THE OLD SIGN PHILOSOPHER, THOUGHT FOR THE DAY!

HAPPY BIRTHDAY CHUBBY

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WOW.....WOW....WOW.....WOW.....WOW.....WOW.....WOW....WOW

THE WEBSITE IS HOT, IT MUST BE SPRING. NUMBERS ARE CLIMBING QUICKER THAN A WISTERIA VINE. OVER 38,XXX WEBSITE HITS NOW WITH OVER 13XX IN LESS THAN ONE WEEK AND OVER 143,XXX WEB PAGES VIEWED AND OVER 6500 PAGES IN LESS THAN A WEEK. MOST PEOPLE VISITING GREENSCAPEGARDENS.COM ARE VIEWING MORE THAN FIVE PAGES. THIS WEBSITE IS DESIGNED FOR THE ST. LOUIS GARDENER AND ANYONE MAINTAINING THEIR LANDSCAPE. VISIT IT OFTEN FOR UPDATES.

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WHITE GRUB CONTROL IN ST. LOUIS

The first thing to remember is the white grub is the larval stage of the May/June Beetle. Yes..... the same bug that's been dive bombing your lights recently. For some reason they are abnormally early this year. The June bug drops eggs while flying normally from west to east and normally attracted to bright lights. These eggs hatch as the white grub in approximately 60 days. DON'T APPLY GRUB CONTROL FOR AT LEAST 60 DAYS. DON'T LISTEN TO THE FALSE ADVERTISEMENTS ABOUT APPLYING NOW...YOU'RE WASTING YOUR MONEY AND POLLUTING THE ENVIRONMENT UNNECESSARILY. NOW FOR THE REST OF THE STORY.

White grubs are the most serious and destructive lawn insect pest in St. Louis. While not all lawns will get grubs and the extent of grub damage varies from year to year, there are some important points to consider concerning managing grubs in lawns. Grubs are white in color, with a characteristic "C" shape body when found in the soil feeding on lawn roots. Grubs are the larval stage of beetles.

The most common grub species in our area is the annual white grub, of which the adult is a tan chafer beetle. Eggs are laid in the soil in mid-summer, primarily on well-watered lawns in full sun, often near pavement. Damage from annual white grubs typically starts in mid August and may continue until early October. Other species may damage lawns, like the Japanese beetle, but usually are not as common as annual white grub. Monitoring and control of these species is the same as for annual white grub. The true white grub (May or June beetle), for example, typically has a three-year life cycle, meaning it could potentially damage lawns throughout the season. Japanese beetle grubs can also occur in St. Louis, with timing very similar to annual white grub. Adult Japanese beetles are serious defoliators of many ornamental plants.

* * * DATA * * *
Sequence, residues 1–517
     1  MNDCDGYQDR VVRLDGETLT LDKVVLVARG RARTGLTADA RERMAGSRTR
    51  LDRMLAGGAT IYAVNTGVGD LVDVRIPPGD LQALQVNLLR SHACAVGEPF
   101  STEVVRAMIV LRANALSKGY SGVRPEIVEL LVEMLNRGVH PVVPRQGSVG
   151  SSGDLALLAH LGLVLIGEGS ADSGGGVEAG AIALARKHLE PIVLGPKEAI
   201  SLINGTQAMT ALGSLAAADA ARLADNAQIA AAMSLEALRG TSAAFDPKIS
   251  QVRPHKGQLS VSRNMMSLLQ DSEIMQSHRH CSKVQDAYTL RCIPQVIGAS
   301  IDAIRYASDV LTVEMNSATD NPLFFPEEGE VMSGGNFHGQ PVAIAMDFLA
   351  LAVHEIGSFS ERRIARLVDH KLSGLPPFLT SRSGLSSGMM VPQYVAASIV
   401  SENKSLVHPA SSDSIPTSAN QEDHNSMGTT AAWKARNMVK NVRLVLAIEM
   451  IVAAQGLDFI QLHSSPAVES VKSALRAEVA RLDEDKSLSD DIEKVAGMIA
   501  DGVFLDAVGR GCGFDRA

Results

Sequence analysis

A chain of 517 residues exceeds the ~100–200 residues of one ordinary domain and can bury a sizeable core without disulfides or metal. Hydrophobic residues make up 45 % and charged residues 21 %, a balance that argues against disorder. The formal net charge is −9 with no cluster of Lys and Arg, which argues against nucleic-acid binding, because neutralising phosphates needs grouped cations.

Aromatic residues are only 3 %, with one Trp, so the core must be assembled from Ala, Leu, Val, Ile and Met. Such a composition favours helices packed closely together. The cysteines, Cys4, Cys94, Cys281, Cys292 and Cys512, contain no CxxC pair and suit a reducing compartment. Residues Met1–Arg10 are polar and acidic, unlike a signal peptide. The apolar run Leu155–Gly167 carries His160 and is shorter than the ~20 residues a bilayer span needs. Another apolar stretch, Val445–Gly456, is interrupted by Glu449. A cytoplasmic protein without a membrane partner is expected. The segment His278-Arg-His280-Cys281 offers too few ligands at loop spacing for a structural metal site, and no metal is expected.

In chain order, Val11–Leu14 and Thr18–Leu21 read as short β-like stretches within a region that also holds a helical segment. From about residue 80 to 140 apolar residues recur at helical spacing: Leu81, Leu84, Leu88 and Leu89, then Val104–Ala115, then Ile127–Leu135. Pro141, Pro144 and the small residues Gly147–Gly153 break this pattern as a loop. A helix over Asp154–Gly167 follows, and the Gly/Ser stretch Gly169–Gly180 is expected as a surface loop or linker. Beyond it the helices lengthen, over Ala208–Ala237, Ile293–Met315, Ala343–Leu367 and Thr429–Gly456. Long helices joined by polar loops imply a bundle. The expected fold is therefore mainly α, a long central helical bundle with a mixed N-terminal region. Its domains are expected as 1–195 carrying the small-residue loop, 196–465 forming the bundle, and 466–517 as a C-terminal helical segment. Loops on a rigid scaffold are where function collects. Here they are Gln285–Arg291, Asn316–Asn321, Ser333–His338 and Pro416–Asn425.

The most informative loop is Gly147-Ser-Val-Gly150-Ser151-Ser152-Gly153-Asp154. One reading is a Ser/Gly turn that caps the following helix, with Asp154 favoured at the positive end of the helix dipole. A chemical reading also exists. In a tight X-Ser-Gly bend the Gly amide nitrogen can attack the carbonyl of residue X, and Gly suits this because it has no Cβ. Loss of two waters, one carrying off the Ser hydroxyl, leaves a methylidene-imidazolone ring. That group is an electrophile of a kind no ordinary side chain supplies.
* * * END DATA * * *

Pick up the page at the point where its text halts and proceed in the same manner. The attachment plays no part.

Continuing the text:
Since grubs feed on the roots of lawn grasses, damage will appear as browning of the lawn. Consider that this also could be due to problems such as drought, poor soil, or diseases. However, grubs are easy to find by lifting sod in damaged areas and checking the root zone for the whitish grubs. DON'T TREAT FOR GRUBS THAT DON'T EXIST! Skunks and raccoons may tear up lawns in search of grubs, even when grub numbers are relatively low. Typically a population of about 8 to 12 grubs per square foot causes lawn damage that requires control; whereas lower populations may not damage the grass, they may attract skunks and raccoons.

Lawns showing damage from grubs may be treated with an insecticide. Insecticides available for homeowners include; trichlorfon (Dylox) (6.2% granular); fenozide (GrubBGon, GrubEx), or imidacloprid (Merit, formerly GrubEx) for control of white grubs. For all products, read and follow all label directions, then apply to damaged areas. Water the insecticide into the soil immediately. If treating a large area, stop after a portion has been treated and water the material in, then complete the rest of the lawn area needing treatment. Only treat in and around affected areas; grubs may only be in a small part of the lawn.

Spring treatment for annual white grub is not suggested since the grubs feed for a short period of time in spring and are reaching maturity, thus are not controlled easily. In addition, turfgrasses are actively growing at that time so usually don’t show damage.

Other insects may attack lawns in St. Louis, but severity of damage changes from season to season and also by location. Examples include sod webworm, billbug, chinch bug, and aphids. These insects differ from grubs in that they are feeding at or above the surface of the soil and usually are not as destructive.